Drought risk is based on expected water-supply stress, which measures how much of the available water in an area is used by humans. Of the 50 counties with the highest share of properties facing high drought risk, Redfin found that 34 were in the West, with 21 in the state of Colorado alone. More than half (38) of those 50 counties experienced positive net migration over the past five years. Custer County, Colorado—a rural area south of Denver where nearly every home faces high heat risk—experienced 16.8% population growth due to positive net migration from 2016 through 2020. That’s the highest growth rate of the 50 counties Redfin analyzed. It was followed by Denton County, Texas (north of Dallas), which had a positive net migration rate of 13%. Next came Oconee County, Georgia (12.6%), Huerfano County, Colorado (11.9%), and Chaffee County, Colorado (11.5%). All five counties saw their net migration rates increase from the prior five-year period.

In terms of areas with high fire risk (which is based on projections of the average share of the area surrounding a home that will burn annually) of the 50 counties with the highest share of properties facing high fire risk, 31 are in the West. More than half (34) of those 50 counties experienced positive net migration over the past five years. Again leading the pack was Custer County, Colorado that experienced 16.8% population growth due to positive net migration from 2016-2020, followed by Boise County, Idaho, which had a positive net migration rate of 15.2%, and Wasatch County, Utah, which is just outside of Salt Lake City and had a positive net migration rate of 14.7%.

“For the most part, the buyers and sellers don’t seem too worried about fires. They’re more concerned about droughts and water shortages,” said Ryan Aycock, Redfin’s Market Manager in Salt Lake City. “We’ve had a lot of near misses in Utah—there will be a fire warning, and then the fire isn’t as bad as people feared. It’s a bit of a boy-who-cried-wolf situation. A lot of folks could be caught flat-footed if a major fire does hit their community. Anyone who’s considering moving to the area should read the local fire planning and evacuation guides and create their own plan of action, so they’re prepared when fires hit.”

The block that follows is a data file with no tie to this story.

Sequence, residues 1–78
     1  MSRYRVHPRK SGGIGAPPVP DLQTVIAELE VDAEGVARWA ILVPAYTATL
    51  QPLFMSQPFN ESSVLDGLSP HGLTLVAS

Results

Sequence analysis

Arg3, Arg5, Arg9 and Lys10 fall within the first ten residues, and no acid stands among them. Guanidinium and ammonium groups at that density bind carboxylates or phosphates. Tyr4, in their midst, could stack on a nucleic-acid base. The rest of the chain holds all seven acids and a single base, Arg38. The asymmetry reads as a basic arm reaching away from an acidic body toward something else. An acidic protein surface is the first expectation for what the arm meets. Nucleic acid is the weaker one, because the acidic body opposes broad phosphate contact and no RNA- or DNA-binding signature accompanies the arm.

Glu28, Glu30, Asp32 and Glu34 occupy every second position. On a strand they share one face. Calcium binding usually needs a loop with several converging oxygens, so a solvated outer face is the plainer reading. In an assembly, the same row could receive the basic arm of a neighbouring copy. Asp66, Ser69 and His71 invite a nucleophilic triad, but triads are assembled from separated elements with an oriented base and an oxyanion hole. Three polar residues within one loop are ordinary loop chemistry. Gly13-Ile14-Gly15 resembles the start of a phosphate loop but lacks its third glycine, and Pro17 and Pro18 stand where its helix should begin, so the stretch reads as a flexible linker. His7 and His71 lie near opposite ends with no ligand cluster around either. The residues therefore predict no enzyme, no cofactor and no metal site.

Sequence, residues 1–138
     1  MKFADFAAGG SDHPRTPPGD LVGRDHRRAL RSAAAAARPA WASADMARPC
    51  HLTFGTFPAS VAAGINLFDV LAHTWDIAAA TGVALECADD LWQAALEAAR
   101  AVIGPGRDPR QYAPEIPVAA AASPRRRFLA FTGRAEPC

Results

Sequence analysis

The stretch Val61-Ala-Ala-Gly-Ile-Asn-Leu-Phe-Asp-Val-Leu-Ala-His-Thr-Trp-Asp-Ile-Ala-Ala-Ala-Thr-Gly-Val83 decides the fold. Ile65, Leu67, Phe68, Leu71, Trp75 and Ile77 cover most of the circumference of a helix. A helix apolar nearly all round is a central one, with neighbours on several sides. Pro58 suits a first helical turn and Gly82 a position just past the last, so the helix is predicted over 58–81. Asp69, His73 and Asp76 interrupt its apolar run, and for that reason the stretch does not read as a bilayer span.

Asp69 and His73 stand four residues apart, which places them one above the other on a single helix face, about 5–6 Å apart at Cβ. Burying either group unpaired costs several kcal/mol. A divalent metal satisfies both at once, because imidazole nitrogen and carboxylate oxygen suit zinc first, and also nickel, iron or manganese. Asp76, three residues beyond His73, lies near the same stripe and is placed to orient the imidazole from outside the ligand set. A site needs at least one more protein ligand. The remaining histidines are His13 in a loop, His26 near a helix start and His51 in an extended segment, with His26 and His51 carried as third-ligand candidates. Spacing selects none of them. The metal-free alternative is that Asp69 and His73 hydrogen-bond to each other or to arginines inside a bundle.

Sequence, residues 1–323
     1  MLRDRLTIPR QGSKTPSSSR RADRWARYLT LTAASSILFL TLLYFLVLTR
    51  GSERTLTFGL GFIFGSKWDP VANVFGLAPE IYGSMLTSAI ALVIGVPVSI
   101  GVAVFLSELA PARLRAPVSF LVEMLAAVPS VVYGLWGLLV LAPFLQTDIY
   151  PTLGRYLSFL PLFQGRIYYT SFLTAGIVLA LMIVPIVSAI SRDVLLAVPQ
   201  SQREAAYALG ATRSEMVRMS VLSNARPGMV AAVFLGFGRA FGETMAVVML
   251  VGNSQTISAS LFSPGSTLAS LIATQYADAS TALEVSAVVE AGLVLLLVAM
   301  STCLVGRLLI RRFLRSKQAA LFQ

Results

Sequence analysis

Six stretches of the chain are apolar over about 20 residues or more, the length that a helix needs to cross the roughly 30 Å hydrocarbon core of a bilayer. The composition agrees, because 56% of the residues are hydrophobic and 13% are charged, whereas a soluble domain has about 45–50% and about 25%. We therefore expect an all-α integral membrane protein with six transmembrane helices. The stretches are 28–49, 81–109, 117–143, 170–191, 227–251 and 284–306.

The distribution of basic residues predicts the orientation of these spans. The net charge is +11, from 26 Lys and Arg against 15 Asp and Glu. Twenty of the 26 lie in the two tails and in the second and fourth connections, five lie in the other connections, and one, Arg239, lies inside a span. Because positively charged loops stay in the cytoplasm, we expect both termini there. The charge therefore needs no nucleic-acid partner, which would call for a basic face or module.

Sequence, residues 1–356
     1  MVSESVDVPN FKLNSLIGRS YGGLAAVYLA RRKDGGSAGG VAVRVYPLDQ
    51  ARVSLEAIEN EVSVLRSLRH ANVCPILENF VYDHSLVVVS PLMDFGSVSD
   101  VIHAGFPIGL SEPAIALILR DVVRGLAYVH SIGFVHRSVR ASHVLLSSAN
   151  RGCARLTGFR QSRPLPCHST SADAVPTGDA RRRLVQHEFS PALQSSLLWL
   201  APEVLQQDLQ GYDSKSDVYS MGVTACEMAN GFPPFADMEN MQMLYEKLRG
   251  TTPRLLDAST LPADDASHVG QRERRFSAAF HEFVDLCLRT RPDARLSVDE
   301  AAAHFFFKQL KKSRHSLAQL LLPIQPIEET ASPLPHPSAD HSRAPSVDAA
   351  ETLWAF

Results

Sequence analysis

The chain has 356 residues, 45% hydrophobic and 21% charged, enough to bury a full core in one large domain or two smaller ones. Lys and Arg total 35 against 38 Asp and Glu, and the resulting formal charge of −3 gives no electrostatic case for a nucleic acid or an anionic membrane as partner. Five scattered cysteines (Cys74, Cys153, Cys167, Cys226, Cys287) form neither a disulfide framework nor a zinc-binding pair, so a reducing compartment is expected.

Of the 50 areas most susceptible to flood risk, a majority (47) were found in the South—specifically in Florida, Louisiana, and North Carolina, with Horry County, South Carolina, which includes Myrtle Beach, experienced 17.6% population growth from 2016-2020 due to positive net migration.

And of the 50 counties with the highest share of properties facing high storm risk, a majority were found in the Northeast or Southeast, with Lee County, Florida (which includes the cities of Cape Coral and Fort Myers) experienced 12.7% population growth from 2016 through 2020 due to positive net migration. That’s the highest increase among the 50 counties Redfin analyzed. It was followed by Brevard County, Florida (includes Cape Canaveral), which had a positive net migration rate of 9.2%. Next came Hillsborough County, Florida (includes Tampa) at 7.2%, Wake County, North Carolina (includes Raleigh) at 7%, and Pierce County, Washington (includes Tacoma) at 5.4%.

Click here for more information on Redfin’s analysis of areas of high climate risk.

About Author: Eric C. Peck

Eric C. Peck has 20-plus years’ experience covering the mortgage industry, he most recently served as Editor-in-Chief for The Mortgage Press and National Mortgage Professional Magazine. Peck graduated from the New York Institute of Technology where he received his B.A. in Communication Arts/Media. After graduating, he began his professional career with Videography Magazine before landing in the mortgage space. Peck has edited three published books and has served as Copy Editor for Entrepreneur.com.